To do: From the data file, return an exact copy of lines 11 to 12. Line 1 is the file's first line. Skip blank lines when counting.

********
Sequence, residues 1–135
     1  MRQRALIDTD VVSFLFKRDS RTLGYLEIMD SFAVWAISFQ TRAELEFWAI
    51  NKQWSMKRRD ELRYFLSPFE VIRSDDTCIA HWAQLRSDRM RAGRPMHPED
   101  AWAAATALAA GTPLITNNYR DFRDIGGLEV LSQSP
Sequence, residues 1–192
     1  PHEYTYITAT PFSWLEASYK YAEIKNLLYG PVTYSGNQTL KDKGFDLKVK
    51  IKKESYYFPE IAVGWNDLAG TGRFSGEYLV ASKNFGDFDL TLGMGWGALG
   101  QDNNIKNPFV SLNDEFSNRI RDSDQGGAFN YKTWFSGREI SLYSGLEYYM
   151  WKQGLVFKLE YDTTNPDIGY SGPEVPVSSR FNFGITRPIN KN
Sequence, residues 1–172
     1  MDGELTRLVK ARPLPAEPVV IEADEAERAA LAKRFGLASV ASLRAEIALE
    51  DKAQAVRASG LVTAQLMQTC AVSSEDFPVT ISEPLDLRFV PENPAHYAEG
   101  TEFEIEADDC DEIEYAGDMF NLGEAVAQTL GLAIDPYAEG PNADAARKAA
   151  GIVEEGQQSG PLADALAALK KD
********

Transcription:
     1  MDGELTRLVK ARPLPAEPVV IEADEAERAA LAKRFGLASV ASLRAEIALE
    51  DKAQAVRASG LVTAQLMQTC AVSSEDFPVT ISEPLDLRFV PENPAHYAEG